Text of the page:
Earlier this week, I was on Alaska flight 3403 from Mexico City to Los Angeles. Spanish-speaking passengers were treated poorly and unprofessionally. Below is the letter I’m sending to the company.
May 18, 2018
Dear Alaska Airlines leadership,
Your airline flies to several locations in Mexico, including Mexico City, the capital, Cancun, Loreto, Puerto Vallarta, and other destinations. I assume you are aware of the business value of transporting people from the U.S. to Mexico and from Mexico to the U.S. Our recent flight experience, however, made me wonder about your understanding of what it takes to deliver this international service and provide an excellent customer experience.
On May 16, 2018, my wife and I were on flight 3403 from Mexico City to Los Angeles, where we would change planes to fly home to Seattle. The Alaska representatives at the check-in desk, all of them Latinos, were professional and friendly. They spoke to passengers – a mix of Mexican and U.S. travelers – in Spanish and English, according to their preferences. They took time to respond to questions and provide helpful information regarding how to find the right gate and what customs and immigration processing in LA would be like. They did an outstanding job with an increasingly impatient group of passengers, who had been queuing up for quite some time before the check-in counters opened.
In contrast, the Alaska team members on the flight itself could politely be described as abrupt, unpolished, and disrespectful. They spoke to passengers only and always in English, even when they asked questions or made comments in Spanish, and were unable or at the least challenged to understand English. This is extremely rude behavior. Even the security briefing was only given in English. On international flights, one usually gets the briefing in the native language of most passengers as well as in English, so this was an obvious lapse. Cabin announcements throughout the flight were also only delivered in English.
As far as I’m concerned, you owe all of your Spanish-speaking passengers on that flight at the very least an apology. They were treated miserably. Speakers of Spanish missed critical safety information and were not able to learn from the cabin crew how arrival and customs checks would play out. The family sitting in front of us had problems with the English version of the U.S. customs form and asked for a Spanish one, which they never received. The Alaska flight attendant treated them in a curt, patronizing manner that would have made most anybody bristle. It’s possible that they did not understand all of her unhelpful remarks because they were in English only.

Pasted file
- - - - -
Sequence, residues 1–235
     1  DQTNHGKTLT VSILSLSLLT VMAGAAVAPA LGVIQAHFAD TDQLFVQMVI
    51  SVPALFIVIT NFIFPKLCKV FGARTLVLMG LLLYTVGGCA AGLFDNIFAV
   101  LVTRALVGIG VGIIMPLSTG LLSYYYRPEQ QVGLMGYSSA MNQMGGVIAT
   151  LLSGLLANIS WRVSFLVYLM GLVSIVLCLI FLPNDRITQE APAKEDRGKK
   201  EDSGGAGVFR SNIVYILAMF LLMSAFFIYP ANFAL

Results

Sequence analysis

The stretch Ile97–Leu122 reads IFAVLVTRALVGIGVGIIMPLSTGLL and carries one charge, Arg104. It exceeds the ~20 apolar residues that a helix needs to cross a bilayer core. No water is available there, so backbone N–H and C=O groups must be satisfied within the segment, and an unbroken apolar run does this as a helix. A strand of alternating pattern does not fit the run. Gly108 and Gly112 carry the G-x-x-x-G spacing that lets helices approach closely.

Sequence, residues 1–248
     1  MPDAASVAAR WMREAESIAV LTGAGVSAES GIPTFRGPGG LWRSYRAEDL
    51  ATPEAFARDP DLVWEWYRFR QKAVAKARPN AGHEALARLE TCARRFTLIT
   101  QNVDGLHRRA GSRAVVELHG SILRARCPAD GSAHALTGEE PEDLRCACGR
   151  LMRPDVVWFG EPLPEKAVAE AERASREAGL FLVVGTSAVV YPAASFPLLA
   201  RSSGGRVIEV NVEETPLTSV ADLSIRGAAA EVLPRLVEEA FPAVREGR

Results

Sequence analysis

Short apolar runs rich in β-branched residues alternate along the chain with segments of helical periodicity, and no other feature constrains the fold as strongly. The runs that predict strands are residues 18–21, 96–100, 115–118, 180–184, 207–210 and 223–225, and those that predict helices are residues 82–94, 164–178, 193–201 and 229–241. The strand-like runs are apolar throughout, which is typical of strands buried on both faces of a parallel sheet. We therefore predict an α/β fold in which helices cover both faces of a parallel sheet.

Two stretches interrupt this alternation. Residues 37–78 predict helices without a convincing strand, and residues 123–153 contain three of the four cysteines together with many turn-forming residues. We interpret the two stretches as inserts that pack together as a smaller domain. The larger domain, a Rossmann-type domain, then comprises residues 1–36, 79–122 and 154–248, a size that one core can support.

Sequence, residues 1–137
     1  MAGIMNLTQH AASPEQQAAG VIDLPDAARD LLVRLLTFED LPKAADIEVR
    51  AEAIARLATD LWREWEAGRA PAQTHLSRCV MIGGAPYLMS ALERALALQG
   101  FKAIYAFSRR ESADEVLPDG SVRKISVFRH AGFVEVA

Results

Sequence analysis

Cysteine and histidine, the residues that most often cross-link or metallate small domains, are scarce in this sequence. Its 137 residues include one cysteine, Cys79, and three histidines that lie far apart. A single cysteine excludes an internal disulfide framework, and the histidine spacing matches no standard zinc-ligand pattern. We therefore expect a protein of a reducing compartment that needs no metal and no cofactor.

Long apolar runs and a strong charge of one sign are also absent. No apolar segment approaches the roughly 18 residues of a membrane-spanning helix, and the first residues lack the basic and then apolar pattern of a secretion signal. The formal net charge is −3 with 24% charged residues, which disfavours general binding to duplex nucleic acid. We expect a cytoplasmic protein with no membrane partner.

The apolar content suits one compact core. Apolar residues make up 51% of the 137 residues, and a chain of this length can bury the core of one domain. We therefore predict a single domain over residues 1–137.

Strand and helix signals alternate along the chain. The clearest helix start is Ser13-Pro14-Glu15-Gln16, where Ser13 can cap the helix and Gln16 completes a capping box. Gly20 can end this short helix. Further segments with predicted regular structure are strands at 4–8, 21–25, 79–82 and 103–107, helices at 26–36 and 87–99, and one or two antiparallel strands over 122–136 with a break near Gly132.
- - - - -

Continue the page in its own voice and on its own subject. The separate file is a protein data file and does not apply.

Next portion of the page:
Imagine if this happened to you – you are on a flight, need to understand important safety, customs-related, or connecting-gate information, and you cannot, because it’s not being provided in your language. Now, imagine that your language is not just spoken by a small population, but by hundreds of millions of people in Spain and Latin America. Would you feel disrespected, unappreciated, or slighted? I noticed that Spanish-speaking passengers on our flight were confused and unhappy. I don’t know if any of them complained.
As you know, Mexico City is one of the world’s largest urban centers, home to millions of potential travelers, both professional and for leisure, as well as a range of leading universities, medical research organizations, and global and Mexican businesses. Mexico is a close and vital neighbor of the U.S., and Alaska Airlines needs to serve passengers well or lose business to Delta and other airlines nipping at its heels. You simply can’t have people working for you who treat Mexican travelers as if they were not worthy of respect, as if they were problems, not passengers. After my experience on flight 3403, I’m not at all sure that Alaska Airlines understands what it takes to serve a sophisticated, international audience.
I have lived and traveled in Mexico in the 1970s and 1980s, when we had excellent service from Mexican airlines providing direct flights from Seattle to Mexico City. I have never seen that any English-speaking passenger was treated as condescendingly then as the Spanish-speaking guests on your flight 3403 last week. It’s a delicate time in relations between Mexico and the U.S. and anything that can help people connect and build bridges among their families, companies, and cultures is of great value. Your cabin crew did us all a disservice in that regard.
All the best –